Lower muscle strength gains in older men with type 2 diabetes after resistance training

Javier Ibáñez, Esteban M Gorostiaga, Alicia M Alonso, Luis Forga, Iñaki Argüelles, José L Larrión, Mikel Izquierdo
Journal of Diabetes and its Complications 2008, 22 (2): 112-8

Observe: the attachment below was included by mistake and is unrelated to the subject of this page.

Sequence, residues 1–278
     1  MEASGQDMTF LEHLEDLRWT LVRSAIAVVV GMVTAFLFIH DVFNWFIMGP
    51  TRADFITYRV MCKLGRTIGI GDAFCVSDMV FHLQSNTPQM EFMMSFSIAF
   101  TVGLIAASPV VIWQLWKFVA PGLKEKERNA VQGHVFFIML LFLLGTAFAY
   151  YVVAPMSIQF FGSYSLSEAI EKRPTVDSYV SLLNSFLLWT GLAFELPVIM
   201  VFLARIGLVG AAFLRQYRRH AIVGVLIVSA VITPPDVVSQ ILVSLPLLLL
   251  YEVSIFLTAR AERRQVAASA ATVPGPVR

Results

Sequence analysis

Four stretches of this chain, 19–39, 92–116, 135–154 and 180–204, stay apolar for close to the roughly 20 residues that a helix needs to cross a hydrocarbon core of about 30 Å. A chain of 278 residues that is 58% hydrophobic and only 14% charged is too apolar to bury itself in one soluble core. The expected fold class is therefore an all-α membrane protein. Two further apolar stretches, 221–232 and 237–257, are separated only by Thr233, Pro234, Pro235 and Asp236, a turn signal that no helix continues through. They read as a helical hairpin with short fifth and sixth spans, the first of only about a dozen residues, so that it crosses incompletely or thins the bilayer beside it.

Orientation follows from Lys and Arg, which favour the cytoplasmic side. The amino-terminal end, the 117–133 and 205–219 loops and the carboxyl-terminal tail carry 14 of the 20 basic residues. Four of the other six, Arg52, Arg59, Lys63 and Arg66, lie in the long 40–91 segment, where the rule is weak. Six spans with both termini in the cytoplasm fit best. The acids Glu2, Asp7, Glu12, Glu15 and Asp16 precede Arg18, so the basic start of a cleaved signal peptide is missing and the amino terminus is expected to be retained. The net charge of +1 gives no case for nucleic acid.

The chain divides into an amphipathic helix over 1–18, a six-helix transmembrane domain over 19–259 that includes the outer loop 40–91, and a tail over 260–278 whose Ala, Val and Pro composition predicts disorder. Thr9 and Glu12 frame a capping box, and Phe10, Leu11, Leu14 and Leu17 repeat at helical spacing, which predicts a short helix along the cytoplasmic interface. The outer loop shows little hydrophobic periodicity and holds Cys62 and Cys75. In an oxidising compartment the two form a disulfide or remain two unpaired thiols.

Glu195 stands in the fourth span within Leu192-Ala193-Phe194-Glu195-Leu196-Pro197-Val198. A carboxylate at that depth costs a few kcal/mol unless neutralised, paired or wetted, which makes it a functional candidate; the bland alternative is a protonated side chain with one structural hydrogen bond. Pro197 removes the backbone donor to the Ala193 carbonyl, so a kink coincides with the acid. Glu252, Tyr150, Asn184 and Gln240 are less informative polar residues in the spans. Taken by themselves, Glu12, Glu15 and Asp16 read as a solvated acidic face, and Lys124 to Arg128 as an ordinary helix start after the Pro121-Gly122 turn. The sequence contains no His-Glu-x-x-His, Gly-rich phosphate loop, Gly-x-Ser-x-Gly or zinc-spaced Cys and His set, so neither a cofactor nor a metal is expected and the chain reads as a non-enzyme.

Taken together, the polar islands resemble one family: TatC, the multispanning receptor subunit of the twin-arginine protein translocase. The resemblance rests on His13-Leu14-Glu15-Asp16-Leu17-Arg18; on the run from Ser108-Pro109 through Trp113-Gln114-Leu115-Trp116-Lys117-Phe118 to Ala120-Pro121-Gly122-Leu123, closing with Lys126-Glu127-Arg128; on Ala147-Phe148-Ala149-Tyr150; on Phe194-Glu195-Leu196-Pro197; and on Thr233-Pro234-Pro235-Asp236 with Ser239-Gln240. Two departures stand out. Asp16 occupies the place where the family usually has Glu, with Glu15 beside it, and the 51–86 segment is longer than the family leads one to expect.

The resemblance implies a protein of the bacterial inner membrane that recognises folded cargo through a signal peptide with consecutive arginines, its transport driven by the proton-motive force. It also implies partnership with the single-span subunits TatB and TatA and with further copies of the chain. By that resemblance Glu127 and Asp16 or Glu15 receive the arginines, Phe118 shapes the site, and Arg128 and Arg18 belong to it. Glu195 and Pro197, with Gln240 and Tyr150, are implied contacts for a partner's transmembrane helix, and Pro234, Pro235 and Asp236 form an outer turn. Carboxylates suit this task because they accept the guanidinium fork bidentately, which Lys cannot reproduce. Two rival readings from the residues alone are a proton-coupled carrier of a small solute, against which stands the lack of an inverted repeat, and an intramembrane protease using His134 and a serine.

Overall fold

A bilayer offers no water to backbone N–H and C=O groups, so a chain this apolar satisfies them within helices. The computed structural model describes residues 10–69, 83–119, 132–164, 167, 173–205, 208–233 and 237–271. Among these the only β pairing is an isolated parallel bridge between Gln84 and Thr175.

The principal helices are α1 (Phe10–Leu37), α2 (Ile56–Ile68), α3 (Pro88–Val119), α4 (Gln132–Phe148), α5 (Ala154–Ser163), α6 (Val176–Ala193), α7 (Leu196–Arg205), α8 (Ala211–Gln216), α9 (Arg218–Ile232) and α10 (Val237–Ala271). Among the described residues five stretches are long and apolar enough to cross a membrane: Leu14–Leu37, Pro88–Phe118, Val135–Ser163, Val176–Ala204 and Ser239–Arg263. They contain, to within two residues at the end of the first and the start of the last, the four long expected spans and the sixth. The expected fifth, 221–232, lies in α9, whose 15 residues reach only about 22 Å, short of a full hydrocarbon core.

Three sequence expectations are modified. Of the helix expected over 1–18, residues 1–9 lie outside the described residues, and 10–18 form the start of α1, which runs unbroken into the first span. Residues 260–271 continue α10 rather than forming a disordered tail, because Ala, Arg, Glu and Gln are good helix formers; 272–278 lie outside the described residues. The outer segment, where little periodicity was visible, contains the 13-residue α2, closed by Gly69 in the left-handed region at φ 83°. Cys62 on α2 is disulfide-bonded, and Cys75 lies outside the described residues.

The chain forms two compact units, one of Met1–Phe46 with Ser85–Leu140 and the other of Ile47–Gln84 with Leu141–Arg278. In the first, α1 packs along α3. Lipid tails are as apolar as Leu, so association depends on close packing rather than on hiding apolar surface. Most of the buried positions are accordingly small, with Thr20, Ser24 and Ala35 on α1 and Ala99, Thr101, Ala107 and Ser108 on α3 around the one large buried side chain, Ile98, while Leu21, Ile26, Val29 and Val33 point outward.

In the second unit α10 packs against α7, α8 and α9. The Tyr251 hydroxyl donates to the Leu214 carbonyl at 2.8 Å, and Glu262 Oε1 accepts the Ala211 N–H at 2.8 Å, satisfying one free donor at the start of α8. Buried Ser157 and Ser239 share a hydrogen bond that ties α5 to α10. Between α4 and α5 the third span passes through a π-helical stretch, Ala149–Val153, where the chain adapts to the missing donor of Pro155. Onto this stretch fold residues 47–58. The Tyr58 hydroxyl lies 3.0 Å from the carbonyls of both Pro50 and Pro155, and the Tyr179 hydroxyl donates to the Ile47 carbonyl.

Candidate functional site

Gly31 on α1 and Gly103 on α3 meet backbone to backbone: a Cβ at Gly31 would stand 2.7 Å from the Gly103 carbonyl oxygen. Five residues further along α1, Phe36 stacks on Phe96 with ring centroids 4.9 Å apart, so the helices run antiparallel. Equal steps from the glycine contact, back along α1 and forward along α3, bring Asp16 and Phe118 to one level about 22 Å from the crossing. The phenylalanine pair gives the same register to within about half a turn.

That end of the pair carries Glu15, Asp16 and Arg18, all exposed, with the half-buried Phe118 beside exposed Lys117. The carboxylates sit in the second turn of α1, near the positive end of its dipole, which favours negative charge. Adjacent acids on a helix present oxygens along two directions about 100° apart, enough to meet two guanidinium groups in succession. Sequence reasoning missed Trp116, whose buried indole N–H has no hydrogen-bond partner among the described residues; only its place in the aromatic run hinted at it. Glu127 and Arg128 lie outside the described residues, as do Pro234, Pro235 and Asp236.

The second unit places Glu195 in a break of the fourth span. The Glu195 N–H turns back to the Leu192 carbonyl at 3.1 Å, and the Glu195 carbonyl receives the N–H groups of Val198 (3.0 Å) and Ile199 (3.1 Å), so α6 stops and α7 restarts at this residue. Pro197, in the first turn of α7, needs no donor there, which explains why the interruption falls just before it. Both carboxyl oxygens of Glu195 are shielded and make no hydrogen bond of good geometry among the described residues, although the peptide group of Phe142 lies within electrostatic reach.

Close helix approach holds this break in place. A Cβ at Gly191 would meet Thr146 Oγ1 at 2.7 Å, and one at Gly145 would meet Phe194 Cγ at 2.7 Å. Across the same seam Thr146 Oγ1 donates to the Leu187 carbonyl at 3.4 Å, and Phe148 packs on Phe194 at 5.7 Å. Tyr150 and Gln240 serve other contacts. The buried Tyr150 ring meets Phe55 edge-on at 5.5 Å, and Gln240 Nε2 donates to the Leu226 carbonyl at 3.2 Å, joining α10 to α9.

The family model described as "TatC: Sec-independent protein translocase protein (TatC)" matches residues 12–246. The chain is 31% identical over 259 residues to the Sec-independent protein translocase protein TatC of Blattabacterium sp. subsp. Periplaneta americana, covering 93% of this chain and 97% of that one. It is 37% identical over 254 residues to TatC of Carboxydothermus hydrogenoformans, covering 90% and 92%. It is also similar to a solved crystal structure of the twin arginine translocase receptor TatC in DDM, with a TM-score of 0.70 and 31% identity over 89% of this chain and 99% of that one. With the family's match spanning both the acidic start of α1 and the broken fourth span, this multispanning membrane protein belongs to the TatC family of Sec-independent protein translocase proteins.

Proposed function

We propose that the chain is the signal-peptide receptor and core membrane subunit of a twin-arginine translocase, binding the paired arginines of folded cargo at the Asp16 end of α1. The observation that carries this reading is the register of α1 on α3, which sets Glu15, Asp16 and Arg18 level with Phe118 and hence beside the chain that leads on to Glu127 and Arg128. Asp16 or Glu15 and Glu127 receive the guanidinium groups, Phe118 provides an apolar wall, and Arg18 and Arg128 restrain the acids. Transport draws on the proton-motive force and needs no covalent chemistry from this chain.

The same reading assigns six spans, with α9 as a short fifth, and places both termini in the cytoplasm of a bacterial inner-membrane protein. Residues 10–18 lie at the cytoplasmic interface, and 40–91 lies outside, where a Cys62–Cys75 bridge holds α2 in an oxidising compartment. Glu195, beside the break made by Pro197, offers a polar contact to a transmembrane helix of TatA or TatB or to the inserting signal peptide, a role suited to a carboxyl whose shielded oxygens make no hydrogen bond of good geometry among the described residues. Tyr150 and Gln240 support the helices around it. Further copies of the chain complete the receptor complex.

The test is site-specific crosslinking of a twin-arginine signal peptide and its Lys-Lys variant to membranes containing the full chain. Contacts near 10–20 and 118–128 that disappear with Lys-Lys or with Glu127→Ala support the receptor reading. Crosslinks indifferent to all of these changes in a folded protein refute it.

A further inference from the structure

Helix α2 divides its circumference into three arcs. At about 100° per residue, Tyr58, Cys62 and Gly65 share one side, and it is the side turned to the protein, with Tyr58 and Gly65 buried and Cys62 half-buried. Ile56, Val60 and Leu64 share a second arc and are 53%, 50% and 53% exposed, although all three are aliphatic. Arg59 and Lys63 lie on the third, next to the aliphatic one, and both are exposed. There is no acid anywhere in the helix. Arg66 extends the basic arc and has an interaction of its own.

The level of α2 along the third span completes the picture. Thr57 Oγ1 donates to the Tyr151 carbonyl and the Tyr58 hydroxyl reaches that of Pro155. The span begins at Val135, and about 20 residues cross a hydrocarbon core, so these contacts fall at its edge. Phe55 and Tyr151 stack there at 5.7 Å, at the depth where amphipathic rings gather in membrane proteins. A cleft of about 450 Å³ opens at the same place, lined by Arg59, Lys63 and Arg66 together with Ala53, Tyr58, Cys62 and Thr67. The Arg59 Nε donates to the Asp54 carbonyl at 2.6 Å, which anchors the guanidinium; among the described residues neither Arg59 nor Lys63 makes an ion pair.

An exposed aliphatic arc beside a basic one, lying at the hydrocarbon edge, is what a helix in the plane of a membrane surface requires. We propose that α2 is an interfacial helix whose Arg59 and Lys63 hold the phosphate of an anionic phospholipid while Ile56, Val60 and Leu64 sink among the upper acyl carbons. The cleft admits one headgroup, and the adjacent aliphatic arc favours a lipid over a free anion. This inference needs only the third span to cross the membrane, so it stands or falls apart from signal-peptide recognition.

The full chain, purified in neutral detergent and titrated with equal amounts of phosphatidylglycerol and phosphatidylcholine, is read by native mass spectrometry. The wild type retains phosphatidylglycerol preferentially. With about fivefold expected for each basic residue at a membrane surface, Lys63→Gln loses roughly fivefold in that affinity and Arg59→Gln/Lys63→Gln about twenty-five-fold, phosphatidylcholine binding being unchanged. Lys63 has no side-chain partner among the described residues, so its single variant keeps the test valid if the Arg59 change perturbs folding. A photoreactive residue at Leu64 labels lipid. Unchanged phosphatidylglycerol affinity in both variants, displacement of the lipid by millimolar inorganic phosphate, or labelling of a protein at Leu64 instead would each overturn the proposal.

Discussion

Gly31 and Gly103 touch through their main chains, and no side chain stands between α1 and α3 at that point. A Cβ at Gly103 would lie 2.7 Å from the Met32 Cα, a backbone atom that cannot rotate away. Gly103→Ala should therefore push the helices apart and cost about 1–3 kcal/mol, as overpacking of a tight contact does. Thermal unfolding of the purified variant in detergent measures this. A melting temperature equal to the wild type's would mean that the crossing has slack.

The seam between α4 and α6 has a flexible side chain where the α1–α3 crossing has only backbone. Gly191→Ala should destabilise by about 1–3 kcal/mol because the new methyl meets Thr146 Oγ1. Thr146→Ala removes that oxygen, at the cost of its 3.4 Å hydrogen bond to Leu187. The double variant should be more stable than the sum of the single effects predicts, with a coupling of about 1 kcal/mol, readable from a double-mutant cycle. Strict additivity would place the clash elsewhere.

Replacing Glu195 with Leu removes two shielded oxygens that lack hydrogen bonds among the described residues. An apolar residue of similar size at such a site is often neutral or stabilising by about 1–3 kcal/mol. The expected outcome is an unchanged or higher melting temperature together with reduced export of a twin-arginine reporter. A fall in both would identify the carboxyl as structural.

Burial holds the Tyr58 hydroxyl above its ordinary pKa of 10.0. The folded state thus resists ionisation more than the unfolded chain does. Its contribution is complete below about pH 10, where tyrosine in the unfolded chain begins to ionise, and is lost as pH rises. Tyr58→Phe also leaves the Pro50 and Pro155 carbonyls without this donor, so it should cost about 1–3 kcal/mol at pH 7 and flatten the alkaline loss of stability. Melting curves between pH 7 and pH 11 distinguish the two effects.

This investigation compared the effects of a twice-weekly whole-body supervised progressive resistance training program in older men with type 2 diabetes with those in healthy older men. Twenty sedentary older men participated in a 16-week progressive resistance training study. They were assigned either to a control group (n=11) or to a type 2 diabetes group (n=9). Lower as well as upper body maximal strength (one repetition maximum) and power testing and blood draws to determine basal hormone concentrations (total as well as free testosterone and cortisol) were conducted 4 weeks before training and then at Weeks 0 and 16. The training program consisted of intensities ranging from 50% to 80% of one repetition maximum, 5 to 15 repetitions per set, and three to four sets of each exercise. Baseline maximal muscle strength was not significantly different between groups. After training, significant differences were observed in the magnitude of increments in maximal arm strength and leg strength between the control and type 2 diabetes groups (36.7%+/-12.9% vs. 24.2%+/-4.1%, P=.04, and 35.6%+/-12.2% vs. 17.0%+/-3.8%, P<.01, respectively), whereas no significant difference was observed between groups in the power output increments of the arm and leg extensor muscles (22.5%+/-21.3% vs. 23.8%+/-18.3% and 34.2%+/-32.0% vs. 33.0%+/-21.2%, respectively). At baseline, significant differences were observed in the concentrations of total testosterone and cortisol between the control subjects and the patients with type 2 diabetes (20.3+/-6.0 vs. 10.6+/-2.9 nmol/l, P<.001, and 546.5+/-114.7 vs. 343.2+/-98.4 nmol/l, P<.001, respectively). However, no systematic change was observed during the 16-week strength training period in the basal concentrations of serum total as well as free testosterone and cortisol in both groups. In contrast, statistically significant correlations were observed in a combined group of healthy older men and older men with type 2 diabetes (H+D group) between the mean levels of individual serum total testosterone and cortisol (averaged for the entire training period) and the individual changes in maximal leg strength and arm strength (r=0.85-0.51 and 0.63-0.70, respectively, P<.05). In summary, it would appear that older subjects with type 2 diabetes are equally trainable for muscle power output but not for maximal strength as their healthy counterparts.


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